An estimated 10,000 Americans die from asbestos-caused diseases each year, a figure that’s considered conservative. Asbestos is no longer mined in the United States but it still exists in products here, perpetuating exposure, especially for workers in construction and other heavy industries. In June 2016, after years of debate, the country’s major chemical regulation law was updated for the first time in 40 years, removing a major obstacle to banning asbestos.
Exposure to beryllium, a metal used in aerospace, defense, and communications industry manufacturing, to which about 62,000 U.S. workers are exposed annually, can cause a severe, chronic lung disease. On January 6, the Occupational Health and Safety Administration (OSHA) issued a rule—more than 15 years in the making—that dramatically lowers allowable workplace exposure to beryllium. OSHA says this will prevent 94 premature deaths and prevent 46 new cases of beryllium-related disease per year.
On April 17, 2013, an explosion and fire at the West Fertilizer Company plant in West, Texas, killed 15 people and injured hundreds. In late December—after a four-year process involving public, business, governments and non-profit input—the Environmental Protection Agency (EPA) issued a rule designed to prevent such accidents, improve community response to and preparedness for such disasters.
Those three examples are among the occupational and public health protective policies finalized by the Obama administration now jeopardized by antiregulatory legislation already passed by the 115th Congress. It remains to be seen if this legislation will become law and actually used. But, says University of Texas School of Law professor Thomas McGarity, the likely outcome is “that this will make people sick and unsafe.”
“Landscape is grim as it is”
In addition to having the ability to pass antiregulatory legislation, Congress has at its disposal the Congressional Review Act (CRA). Passed in 1996 by the Newt Gingrich-led House, it allows Congress to overturn a regulation passed during the last 60 legislative working days of an outgoing administration. What’s more, it prevents the creation of a substantially similar regulation. It’s only been used once, in 2001, to overturn the ergonomics regulation passed by OSHA under President Bill Clinton.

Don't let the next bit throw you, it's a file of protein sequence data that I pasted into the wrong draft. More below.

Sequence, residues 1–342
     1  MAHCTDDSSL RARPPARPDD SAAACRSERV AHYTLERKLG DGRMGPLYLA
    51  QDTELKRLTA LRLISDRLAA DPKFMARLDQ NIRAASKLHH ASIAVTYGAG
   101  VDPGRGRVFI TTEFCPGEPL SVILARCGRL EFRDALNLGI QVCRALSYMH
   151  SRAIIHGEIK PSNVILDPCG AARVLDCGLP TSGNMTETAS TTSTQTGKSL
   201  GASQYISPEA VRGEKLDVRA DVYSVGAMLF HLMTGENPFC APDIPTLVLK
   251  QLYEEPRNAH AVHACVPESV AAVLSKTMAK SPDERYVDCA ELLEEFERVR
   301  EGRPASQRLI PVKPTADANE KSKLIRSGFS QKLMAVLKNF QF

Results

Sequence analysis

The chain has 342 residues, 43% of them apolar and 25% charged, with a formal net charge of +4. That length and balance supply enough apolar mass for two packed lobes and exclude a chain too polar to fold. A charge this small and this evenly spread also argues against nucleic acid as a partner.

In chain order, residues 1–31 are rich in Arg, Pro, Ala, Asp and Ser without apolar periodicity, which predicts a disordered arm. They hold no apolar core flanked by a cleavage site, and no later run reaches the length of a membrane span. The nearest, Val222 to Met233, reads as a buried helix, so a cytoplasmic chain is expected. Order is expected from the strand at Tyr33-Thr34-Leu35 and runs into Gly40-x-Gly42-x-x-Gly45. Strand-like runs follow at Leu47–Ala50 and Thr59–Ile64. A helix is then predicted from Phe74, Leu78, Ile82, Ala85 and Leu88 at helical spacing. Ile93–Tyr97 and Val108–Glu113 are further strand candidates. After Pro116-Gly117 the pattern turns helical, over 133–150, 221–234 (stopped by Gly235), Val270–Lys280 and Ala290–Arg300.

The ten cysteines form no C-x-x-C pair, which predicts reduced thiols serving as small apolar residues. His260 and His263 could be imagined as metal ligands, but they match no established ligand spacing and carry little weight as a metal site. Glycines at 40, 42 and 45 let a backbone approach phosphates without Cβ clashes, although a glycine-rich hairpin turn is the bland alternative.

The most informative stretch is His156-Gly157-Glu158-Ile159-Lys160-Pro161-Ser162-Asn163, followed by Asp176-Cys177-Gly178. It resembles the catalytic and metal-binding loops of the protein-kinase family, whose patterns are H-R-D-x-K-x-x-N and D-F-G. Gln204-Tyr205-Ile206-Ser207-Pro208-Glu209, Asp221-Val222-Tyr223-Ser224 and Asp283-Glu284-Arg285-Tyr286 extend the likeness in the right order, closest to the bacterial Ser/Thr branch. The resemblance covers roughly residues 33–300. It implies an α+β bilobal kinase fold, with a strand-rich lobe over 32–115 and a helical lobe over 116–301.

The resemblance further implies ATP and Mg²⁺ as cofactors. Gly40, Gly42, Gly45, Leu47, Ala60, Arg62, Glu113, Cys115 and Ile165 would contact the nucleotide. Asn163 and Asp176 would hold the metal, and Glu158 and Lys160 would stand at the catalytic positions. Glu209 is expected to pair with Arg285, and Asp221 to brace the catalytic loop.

Add to this the Midnight Rules Relief Act, passed by the House on January 4. It amends the CRA, allowing Congress to overturn multiple regulations promulgated during the previous administration’s last six months, rather than individually as the CRA requires. “This allows the House to pick and choose rules that industry doesn’t like and do it all at once,” McGarity explains.
Also already passed by the House is the Regulatory Accountability Act. It includes a provision that could threaten the change made to the Toxic Substances Control Act (TSCA) eliminating the provision that prevented the EPA from banning asbestos. As Natural Resources Defense Council director of government affairs, David Goldston explains, “This bill has a provision that says notwithstanding any other provision of law, costs and benefits have to be considered when writing a rule.” Goldston calls this phrase “dangerous,” as it means putting economic costs to industry ahead of costs to human health as TSCA previously required—a requirement the revised bill eliminated.
And, as if these laws weren’t enough to threaten existing regulations, there’s the REINS Act (Regulations from the Executive In Need of Scrutiny Act), also already passed by the House. This law essentially says that an agency rule can’t go into effect unless Congress approves it. Or, as University of Maryland Carey School of Law professor Rena Steinzor explained in the American Prospect, “In a drastic power grab, the House has approved a measure that would strip executive agencies of the authority to issue significant new regulations.”
“If the REINS Act becomes law, then Congressional inaction will supersede previous Congressional action on fundamental bedrock popular health, safety and environmental protection laws,” says Public Citizen regulatory policy advocate Amit Narang.
He also points out that if the administration of Donald Trump declines to defend regulations now under legal challenge, they could also be undone. Among the rules now being challenged is OSHA’s long sought updated restriction on occupational silica exposure.
“The landscape is grim as it is,” says Emily Gardner, worker health and safety advocate at the non-profit citizens’ rights advocacy group Public Citizen, referring to OSHA’s limited resources. “There are nearly 5,000 workers dying on the job every year and OSHA’s not able to respond to threats as they’re happening.” Now, she says, “I’m looking at a Congress that would nearly paralyze rulemaking.”
“Designed to smash the system not reform it”
These laws effectively knock the foundation out from under how agencies like OSHA, the Department of Labor and EPA go about creating the network of regulations needed to implement the intent of laws that protect workplace and public health.
“This is designed to smash the system not reform it,” says Goldston of this antiregulatory legislation.
Not surprisingly, the historically pro-big business U.S. Chamber of Commercesupports antiregulatory legislation, as does the American Chemistry Council and National Association of Manufacturers. On the other hand, it’s opposed by American Sustainable Business Council, which represents more than 250,000 business owners and says the regulations these laws aim to undo are needed to support healthy, thriving workplaces and the economy.
Apart from the CRA, all of this legislation still needs to pass the Senate and be signed by the president to become law. But with a Republicans in the majority and Trump in the White House, vetoes seem highly unlikely.